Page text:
They also can become an informal network for illegal immigrants who come for visits and overstay their visas or who simple come without legal right and stay in the community.

    Deena Flinchum

  5. Anonymous Avatar

    Well, as far as I’m concerned, they are welcome. After all, most of them will vote Republican, if we let them.

    Would you rather have them here working for us, or over there competing against us?

  6. Anonymous Avatar

    As far as the initial amnesty is concerned (current illegal immigrants plus spouses and minor children), the vast majority of immigrants that we are talking about here are low-skilled service (meat-packing, construction, hotel-restaurant, cleaning, health care, etc ) workers with meager educations coming from Latin America, principally Mexico, as would be the families that they are “re-united” with. Let’s leave aside for the time being whether or not that is a good thing or a bad thing: Why do you think that the majority would be voting Republican and how do low-skilled service workers compete against US workers “over there”? IN the US they absolutely do compete; in Mexico or El Salvador, they don’t unless US workers are seeking work there.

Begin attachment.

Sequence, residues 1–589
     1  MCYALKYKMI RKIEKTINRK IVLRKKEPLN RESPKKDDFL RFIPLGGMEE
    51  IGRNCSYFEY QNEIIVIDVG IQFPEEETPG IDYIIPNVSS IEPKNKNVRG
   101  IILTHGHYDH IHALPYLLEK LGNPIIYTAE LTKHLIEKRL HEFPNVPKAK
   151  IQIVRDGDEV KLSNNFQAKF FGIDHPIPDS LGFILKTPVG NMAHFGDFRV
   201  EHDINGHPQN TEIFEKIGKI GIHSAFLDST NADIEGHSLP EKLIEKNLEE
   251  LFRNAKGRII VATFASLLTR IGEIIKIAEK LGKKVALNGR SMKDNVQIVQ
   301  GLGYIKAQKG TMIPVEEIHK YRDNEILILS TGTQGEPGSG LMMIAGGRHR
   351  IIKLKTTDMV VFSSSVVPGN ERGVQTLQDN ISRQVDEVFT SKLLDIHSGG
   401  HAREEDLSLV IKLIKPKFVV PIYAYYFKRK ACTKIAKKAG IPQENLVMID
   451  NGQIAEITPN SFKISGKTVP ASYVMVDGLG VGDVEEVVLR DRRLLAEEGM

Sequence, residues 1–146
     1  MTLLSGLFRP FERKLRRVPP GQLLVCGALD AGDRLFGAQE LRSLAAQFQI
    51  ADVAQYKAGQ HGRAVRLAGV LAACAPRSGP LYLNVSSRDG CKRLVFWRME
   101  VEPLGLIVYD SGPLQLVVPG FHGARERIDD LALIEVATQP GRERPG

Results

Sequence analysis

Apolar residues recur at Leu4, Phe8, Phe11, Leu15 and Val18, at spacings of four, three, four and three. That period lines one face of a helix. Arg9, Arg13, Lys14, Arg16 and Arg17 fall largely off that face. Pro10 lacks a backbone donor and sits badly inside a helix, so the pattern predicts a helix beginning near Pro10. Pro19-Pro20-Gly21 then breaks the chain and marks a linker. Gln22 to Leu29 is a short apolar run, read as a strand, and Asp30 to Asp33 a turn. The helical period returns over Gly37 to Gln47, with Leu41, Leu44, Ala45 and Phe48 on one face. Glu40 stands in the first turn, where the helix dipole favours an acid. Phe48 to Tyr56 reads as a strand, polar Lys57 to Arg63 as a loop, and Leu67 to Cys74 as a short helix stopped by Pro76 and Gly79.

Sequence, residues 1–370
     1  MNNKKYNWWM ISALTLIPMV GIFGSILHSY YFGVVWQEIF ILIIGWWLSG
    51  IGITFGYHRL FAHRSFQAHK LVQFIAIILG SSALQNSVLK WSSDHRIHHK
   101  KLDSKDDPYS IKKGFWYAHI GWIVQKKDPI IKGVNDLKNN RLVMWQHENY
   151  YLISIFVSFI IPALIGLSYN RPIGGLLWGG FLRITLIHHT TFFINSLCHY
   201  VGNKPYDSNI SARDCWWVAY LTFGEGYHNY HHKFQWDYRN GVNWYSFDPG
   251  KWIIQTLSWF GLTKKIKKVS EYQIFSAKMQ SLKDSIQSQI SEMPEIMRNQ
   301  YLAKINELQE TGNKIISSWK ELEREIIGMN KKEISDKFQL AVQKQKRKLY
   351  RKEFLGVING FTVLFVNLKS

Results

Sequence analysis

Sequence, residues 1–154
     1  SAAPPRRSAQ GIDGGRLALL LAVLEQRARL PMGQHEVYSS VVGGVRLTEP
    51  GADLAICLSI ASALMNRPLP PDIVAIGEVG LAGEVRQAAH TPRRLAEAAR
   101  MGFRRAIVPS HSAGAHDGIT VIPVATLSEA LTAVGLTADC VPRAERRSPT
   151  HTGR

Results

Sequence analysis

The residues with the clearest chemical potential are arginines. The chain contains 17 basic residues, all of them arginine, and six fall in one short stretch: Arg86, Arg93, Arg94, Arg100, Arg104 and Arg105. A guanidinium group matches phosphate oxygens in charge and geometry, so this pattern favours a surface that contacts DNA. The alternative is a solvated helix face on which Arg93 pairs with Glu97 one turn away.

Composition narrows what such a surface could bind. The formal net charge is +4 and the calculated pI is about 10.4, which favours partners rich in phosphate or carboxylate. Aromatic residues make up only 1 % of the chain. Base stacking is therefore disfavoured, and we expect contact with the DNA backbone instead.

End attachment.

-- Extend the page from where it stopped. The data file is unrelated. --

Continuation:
The “guest-workers” will be both skilled and unskilled but the majority of immigrants overall in S 2611 are low-skilled with little formal education. Not only is this not the GOP base (GOP in this case means Gets Out-Pandered by the Democrats) but support for this bill is causing serious unhappiness among the GOP conservative base, unhappiness that could spell losses in 2006 & 2008 if they stay home or vote third-party.

    Deena Flinchum

Leave a Reply